Justia Vermont Supreme Court Opinion Summaries

Articles Posted in Criminal Law
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Defendant Paul Alzaga appealed his conviction for DUI refusal. On appeal, defendant argued: (1) the trial court erred in admitting testimony indicating that defendant had refused to take a preliminary breath test (PBT) and regarding the Horizontal Gaze Nystagmus (HGN) test; (2) the court committed plain error in instructing the jury and designing the jury verdict form; and (3) the conviction was invalid because the jury did not enter a verdict. Finding no reversible error, the Vermont Supreme Court affirmed. View "Vermont v. Alzaga" on Justia Law

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Petitioner, Miles Otis Dow, Jr., filed a motion for post-conviction relief (PCR) with the Windham Civil Division. He was convicted of aggravated assault stemming from events that occurred in March 2014. In March 2017, petitioner filed his initial PCR petition, alleging violations of his Fourth, Fifth, Sixth, Eighth, and Fourteenth Amendment rights. He asked that the PCR court vacate and set aside the trial court judgment against him or, in the alternative, grant a new trial or correct the sentence. Upon receiving the initial PCR petition, assigned counsel reviewed it and declined assignment of the case pursuant to 12 V.S.A. 5233(a)(3), indicating that “further representation of [petitioner] would require an attorney to advance frivolous claims.” Petitioner filed an amended PCR petition in January 2018, which was the petition at issue now before the Vermont Supreme Court. The amended petition sought relief based on several grounds. Most notably, petitioner added new claims of ineffective assistance of counsel because petitioner’s attorney allegedly: (1) failed to object to the trial court’s grant of the State’s motion for a mistrial, thereby failing to preserve the issue for appeal to this Court; and (2) failed to reasonably and effectively prepare for sentencing by failing to investigate petitioner’s background and mitigating evidence regarding petitioner’s mental health or his education, employment, family, financial, and health records. In January 2018, the PCR court issued an entry order acknowledging the amended petition, which “provide[d] additional elaboration” for the claims in the initial petition, and stated that petitioner would be treated as pro se unless he hired counsel because the Defender General’s Office had already found the claims raised in the initial petition to be meritless. In February 2018, petitioner filed a motion for reassignment of counsel. His request for counsel was denied by order in March 2018 “for the same reasons as stated” in the January entry order. Thereafter, petitioner proceeded pro se. The State filed a motion for summary judgment, which the PCR court granted. Petitioner appealed the PCR court’s dismissal to the Supreme Court, arguing that the PCR court erred in granting the State’s motion for summary judgment because it failed to properly address the claims petitioner raised in his amended petition. The Supreme Court concurred, reversed and remanded for the PCR court to conduct further proceedings. View "In re Miles Otis Dow, Jr." on Justia Law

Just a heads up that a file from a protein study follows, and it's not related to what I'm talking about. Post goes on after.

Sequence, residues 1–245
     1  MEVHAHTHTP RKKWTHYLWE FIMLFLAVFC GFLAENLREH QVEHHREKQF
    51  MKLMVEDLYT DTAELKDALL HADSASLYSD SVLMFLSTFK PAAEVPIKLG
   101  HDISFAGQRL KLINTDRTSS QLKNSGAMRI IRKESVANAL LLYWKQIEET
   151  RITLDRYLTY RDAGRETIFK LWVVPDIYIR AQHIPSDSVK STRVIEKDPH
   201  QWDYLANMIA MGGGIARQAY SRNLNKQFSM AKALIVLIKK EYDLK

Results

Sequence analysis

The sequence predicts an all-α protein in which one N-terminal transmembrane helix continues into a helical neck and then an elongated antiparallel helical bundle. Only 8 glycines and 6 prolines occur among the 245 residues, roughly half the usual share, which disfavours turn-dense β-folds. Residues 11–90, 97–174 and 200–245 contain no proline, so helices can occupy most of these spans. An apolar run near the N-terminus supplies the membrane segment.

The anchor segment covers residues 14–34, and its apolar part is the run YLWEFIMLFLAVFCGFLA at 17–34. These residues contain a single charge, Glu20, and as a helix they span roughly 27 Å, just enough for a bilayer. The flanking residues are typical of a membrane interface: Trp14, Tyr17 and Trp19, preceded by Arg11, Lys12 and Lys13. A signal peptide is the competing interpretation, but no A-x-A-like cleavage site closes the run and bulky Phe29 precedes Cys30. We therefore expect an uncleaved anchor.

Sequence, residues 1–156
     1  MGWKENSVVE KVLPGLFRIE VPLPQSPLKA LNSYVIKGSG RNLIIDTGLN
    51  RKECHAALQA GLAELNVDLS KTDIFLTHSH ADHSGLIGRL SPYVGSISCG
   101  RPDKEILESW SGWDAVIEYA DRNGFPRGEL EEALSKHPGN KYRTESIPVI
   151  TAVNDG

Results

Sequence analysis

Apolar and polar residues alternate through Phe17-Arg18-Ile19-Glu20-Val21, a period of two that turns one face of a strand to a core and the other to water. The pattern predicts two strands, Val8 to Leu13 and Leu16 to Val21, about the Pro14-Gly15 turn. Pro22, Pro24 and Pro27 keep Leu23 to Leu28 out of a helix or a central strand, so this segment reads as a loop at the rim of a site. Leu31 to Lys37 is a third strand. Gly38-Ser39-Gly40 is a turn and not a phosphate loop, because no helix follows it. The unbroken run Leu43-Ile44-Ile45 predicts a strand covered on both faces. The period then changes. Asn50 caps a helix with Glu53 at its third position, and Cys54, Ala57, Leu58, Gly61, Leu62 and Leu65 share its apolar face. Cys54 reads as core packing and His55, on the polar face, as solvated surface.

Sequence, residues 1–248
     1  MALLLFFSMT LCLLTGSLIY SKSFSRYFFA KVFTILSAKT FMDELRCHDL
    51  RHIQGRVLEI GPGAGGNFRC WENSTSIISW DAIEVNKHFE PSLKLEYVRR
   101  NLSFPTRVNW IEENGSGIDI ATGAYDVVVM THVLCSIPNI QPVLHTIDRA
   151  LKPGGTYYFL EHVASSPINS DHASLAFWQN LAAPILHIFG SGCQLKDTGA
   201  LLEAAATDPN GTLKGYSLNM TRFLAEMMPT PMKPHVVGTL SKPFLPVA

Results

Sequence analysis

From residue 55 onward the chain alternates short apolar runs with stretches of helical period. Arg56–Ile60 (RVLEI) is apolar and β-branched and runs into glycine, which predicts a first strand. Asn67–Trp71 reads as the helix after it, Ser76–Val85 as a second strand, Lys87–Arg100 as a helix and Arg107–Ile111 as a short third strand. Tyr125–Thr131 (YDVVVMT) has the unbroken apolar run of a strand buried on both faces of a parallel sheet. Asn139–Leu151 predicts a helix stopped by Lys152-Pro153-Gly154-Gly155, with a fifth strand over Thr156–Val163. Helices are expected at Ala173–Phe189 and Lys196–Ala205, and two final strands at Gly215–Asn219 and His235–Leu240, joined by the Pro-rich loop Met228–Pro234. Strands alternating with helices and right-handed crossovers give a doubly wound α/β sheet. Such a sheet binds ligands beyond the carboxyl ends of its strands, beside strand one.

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Defendant Stephanie Berard appealed a trial court’s denial of her motion for judgment of acquittal following her conviction for impeding or hindering a police officer. Trooper Wayne Godfrey of the Vermont State Police directed defendant to pull over her car after he observed her committing traffic violations. Defendant asked him to call another officer because she recognized him as someone she had interacted with on a previous occasion, when he “maced” her. The officer instructed defendant to provide him with her driver’s license, registration, and proof of insurance. Defendant replied that she had the requested documents in her car, but she would not provide them to him and asked him to call another officer. Trooper Godfrey continued to instruct defendant to provide the documents, and defendant refused to provide them to him. During their exchange, Trooper Godfrey called for another officer. The exchange proceeded for around six minutes, until the second officer arrived. Trooper Godfrey estimated at trial that he asked for defendant’s information around twenty-two times within those six minutes and said her delay in producing the documents was unreasonable. As Trooper Godfrey testified and the video shows, defendant was “[c]ombative” and “uncooperative” and her voice was “escalated and raised.” When the second officer arrived, defendant retrieved the documents and extended them out of the car. At that point, Trooper Godfrey grabbed defendant’s arm, physically pulled her out of the car, and arrested defendant for impeding a law enforcement officer. A jury found defendant guilty. In denying her motion for judgment of acquittal, the trial court reasoned defendant had no legal right to refuse to provide the documents, and it had no grounds to disturb the jury's conclusion that defendant's refusal hindered the officer. On appeal, defendant argued: (1) the State did not prove that defendant’s refusal to provide the documents was itself a criminal act; (2) defendant did not hinder the officer in investigating the alleged traffic infractions; and (3) extending criminal liability to failure to provide a driver’s license, registration, and proof of insurance would render the impeding-officer statute unconstitutionally vague. The Vermont Supreme Court concluded there was no question defendant's refusal was unlawful. However, when read broadly, the impeding-officer statute appeared to criminalize any unlawful action, no matter how slight or brief, that for any moment delays or interferes with the lawful execution of an officer’s duties. "Such a broad sweep is inconsistent with the text of [13 V.S.A. section] 3001 as a whole." The Court analyzed lesser penalties given for related conduct and could not conclude the Legislature intended section 3001 to include a civil violation of the motor vehicle code as a hindering action. Accordingly, the Court interpreted section 3001 narrowly and held that a civil violation of the motor vehicle code, on its own, could not provide the basis for an impeding-officer offense, even when that violation was intentional. View "Vermont v. Berard" on Justia Law